Pallet Making: Things I Have Learned

Ok, so this might surprise some of you, but I have not been formally trained, to paint with anything other than watercolors. Therefore its been an uphill battle learning how to paint with acrylics. And I wish that someone had told me some of the secrets that I know now, like using retarding medium. (hehe)

In this post, though word some, I'm going to do my best to walk you through my pallet making.

First rule: Choose your colors.

Now I love: Paynes Gray, Burt Sienna, Quinacridone Crimson, Hot Pink (aka Medium Magenta) and Electrick Blue (Brilliant Blue). The last two colors I find visually, to be the most obnoxious colors out there. So of course I love them the more.

Generally speaking, I will use at least one of the aforementioned colors as a starting point for my pallet. Then the other colors I use are usually related in saturation.

I break my colors into Warm tones and Cool (receding tones).

When I paint, I will use cool colors in the shadows and make all my highlites, warm. But often times I make my colors according to my emotional state at the time I start painting. Its something that I've learned from Kandinsky's book, Concerning the Spiritual In Art. I've noticed that I make pastel colors when I'm upset, b/c they look like dead peoples flesh. And I make vibrant red toned paintings when I'm excited.

For Purposes of this demo, I'm refreshing a pallet for a picture that I am already working on. (Self Portrait #5)

*These are the base colors*

I forgot to make note of the individual colors that went into each mixed color, however I do have the tube colors:

Phthalo Blue
Ultramarine blue
Cerulean Blue
Manganese Blue
Brilliant Blue
Emerald Green
Raw Umber
Prism Violet
Quinacridone Blue Violet

Cadmium Red Light
Quinacridone Crimson
Raw Sienna
Primary Yellow

When I make a pallet, I create a base color, or the "Father Tint", from which all other colors will be created. In this pallet the Father Tint is a combination of Quinacridone Crimson, Raw Umber and Phthalo Blue. The goal is a cool, rich, dark brown.

From this Father Tint, I take small amounts and add it to the subsequent colors. I do this to "dirty" up the colors and keep them from being so tacky and overly saturated. Though I paint with very saturated colors, if you were to compare my pallet version of an electric blue to what comes out of the tube, you will notice that my colors are purposefully "dirty".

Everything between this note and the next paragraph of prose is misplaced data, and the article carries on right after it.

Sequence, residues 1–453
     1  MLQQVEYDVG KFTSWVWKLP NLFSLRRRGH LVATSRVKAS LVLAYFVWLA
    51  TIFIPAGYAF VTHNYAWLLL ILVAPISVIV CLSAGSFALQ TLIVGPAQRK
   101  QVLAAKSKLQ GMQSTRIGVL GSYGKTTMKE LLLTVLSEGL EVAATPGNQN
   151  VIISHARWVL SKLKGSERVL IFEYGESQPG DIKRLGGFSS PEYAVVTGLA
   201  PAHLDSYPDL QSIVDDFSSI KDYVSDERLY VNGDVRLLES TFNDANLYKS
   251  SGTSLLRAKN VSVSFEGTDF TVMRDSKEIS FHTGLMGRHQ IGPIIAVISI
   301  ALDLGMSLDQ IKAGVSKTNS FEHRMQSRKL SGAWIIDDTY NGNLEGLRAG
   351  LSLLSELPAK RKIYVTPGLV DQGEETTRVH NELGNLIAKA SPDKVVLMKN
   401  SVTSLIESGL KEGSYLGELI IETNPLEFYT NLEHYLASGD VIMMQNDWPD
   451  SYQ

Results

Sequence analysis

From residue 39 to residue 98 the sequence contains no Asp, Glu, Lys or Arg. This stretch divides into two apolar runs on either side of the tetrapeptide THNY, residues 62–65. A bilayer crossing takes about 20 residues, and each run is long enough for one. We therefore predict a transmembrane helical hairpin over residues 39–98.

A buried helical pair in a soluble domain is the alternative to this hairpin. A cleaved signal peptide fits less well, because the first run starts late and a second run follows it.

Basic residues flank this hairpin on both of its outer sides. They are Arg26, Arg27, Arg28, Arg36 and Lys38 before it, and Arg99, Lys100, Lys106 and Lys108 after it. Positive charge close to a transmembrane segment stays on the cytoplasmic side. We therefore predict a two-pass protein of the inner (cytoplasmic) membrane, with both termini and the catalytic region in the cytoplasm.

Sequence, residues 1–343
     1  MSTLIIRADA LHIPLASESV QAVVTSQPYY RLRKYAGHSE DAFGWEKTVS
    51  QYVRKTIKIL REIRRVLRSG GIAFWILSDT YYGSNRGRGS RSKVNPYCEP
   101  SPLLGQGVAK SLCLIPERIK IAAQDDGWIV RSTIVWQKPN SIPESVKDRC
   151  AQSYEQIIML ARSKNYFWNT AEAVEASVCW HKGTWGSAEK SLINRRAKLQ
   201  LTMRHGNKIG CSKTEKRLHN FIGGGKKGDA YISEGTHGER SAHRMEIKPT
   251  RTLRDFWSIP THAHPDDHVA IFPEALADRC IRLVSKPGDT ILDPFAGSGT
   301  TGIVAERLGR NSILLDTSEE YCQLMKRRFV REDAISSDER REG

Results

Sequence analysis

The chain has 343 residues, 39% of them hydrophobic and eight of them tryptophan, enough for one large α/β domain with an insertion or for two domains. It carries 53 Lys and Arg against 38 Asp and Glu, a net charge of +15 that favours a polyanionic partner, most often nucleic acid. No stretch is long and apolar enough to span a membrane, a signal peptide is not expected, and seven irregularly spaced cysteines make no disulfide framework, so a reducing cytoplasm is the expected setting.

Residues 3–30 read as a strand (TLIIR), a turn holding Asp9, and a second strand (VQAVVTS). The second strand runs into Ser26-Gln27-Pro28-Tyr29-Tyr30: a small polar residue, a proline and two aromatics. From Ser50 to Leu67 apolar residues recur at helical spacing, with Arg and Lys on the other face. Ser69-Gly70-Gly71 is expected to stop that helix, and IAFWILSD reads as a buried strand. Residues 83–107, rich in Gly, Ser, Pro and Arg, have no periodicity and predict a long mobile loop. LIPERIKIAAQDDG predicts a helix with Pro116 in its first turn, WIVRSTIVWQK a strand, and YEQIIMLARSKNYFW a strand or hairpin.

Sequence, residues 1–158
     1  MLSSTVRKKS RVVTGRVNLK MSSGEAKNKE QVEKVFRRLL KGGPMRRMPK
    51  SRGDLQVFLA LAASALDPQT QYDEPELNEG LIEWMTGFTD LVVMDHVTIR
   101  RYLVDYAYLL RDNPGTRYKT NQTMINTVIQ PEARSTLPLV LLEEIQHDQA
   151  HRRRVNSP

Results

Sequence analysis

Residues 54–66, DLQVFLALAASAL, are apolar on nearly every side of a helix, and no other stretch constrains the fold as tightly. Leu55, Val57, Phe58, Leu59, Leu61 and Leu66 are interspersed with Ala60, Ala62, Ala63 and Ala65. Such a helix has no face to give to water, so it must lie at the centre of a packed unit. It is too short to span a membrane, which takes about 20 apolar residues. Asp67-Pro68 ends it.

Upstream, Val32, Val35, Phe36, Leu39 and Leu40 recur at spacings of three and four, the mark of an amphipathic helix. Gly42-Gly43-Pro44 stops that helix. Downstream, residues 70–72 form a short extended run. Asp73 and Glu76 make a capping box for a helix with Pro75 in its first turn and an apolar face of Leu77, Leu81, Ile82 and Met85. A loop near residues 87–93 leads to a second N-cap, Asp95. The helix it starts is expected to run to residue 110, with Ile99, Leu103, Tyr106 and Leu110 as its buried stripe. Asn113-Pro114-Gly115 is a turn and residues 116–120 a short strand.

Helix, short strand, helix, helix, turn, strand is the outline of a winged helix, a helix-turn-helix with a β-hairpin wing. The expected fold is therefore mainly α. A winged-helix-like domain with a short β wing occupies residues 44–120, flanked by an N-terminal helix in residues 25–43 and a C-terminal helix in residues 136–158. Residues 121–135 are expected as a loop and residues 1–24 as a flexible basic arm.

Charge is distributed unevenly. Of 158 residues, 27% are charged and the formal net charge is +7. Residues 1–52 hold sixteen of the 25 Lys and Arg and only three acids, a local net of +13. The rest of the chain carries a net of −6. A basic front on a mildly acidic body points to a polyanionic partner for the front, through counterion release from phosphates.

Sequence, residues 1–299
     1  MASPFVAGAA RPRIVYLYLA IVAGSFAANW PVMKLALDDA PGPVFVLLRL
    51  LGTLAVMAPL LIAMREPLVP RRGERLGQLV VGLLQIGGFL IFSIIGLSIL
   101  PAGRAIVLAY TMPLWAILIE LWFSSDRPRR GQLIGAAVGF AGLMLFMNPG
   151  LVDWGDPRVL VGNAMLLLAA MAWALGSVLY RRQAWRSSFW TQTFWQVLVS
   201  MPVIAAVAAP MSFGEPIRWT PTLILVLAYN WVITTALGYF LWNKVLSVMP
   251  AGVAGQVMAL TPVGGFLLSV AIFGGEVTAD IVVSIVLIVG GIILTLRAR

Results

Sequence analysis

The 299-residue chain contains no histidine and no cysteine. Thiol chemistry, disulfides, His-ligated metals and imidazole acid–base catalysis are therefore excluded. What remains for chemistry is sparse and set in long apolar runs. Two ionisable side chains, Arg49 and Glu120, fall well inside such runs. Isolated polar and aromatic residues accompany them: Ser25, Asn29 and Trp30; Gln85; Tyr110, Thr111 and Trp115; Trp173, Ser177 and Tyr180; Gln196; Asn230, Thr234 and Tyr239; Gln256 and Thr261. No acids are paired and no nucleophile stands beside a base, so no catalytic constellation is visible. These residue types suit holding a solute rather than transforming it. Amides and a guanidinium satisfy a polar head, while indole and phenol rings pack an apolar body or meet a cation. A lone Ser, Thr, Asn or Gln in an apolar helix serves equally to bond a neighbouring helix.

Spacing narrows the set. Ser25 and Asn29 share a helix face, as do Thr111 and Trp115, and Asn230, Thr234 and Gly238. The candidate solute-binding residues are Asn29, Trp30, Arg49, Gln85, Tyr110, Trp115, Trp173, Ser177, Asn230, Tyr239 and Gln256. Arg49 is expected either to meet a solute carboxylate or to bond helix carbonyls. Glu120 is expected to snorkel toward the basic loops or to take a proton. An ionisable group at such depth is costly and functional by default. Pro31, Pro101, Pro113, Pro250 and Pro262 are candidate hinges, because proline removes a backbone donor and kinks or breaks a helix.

Now I need to add an electric blue to match my current pallet colors.
*I do my best to work from the darkest color to the lighter, more brilliant tones last.*

Notice in the image that I mix all my colors on the same spot. I do this so that all the colors have a little bit of the previous color in them, there by visually relate. Thats why I call it the Father Tint, because from him the other colors are made

So now that I have Briliant Blue on spot where I mix the paint, I now mix in the other "Parent Tints", into the new color.

When the color is almost uniform I add my secret ingredients:

*Glazing Medium (gloss) and Retarder Medium*

Add enough retarder medium to keep the pallet wet for a few days (about 8 drops). I also use glazing medium instead of adding water. I like it when my paints are fluffy, like hair moose. I tend to paint with a lot of semi-transparent layers. I add just enough glazing medium so that the paint moves very smoothly but also translucent. By making the paint this way, I can build a very colorful range of tones on the canvas.

*the glazing medium looks like glue*

I mix with a narrow pallet knife. Also, make sure you clean your pallet knife when you move between colors. I may like dirty colors, but not mudd.

So you mix in the various mediums and colors until you have a consistent consistancy you like and a color thats uniform


Since this was the last color I need to make, I scrape the mixing spot clean for the next step.

*razor blades, an artist's best friend. Even when He's emo*

I scraped the mixing spot, because now I take the base colors and add white

* I add roughly the same amount of white as there is pigment to mix with*

As I am making the light version of the colors I find that somtimes I have to tweek the color slightly to get it to read stronger.

*I was fine with the base colors, but when I added white, the orange hue needed more yellow*

Eventually when all the base colors get their white counter part you should end up with a pallet that looks simliar to mine
*rule of thumb: you will always need more white than you think.*

Ta-Dah: Your pallet should be all done and ready to attack a canvas

Final note:

Even after you have mixed all your initial colors, there will usually be a shade of something you need though its not mixed. The way I make my pallet you should be able to get the in between colors and still have a cohesive mix.

*Hey, if the colors look good on the pallet, chances are that they will look beautiful on the canvas. Even if you suck at painting (which I still do) at least the colors will be noteworthy*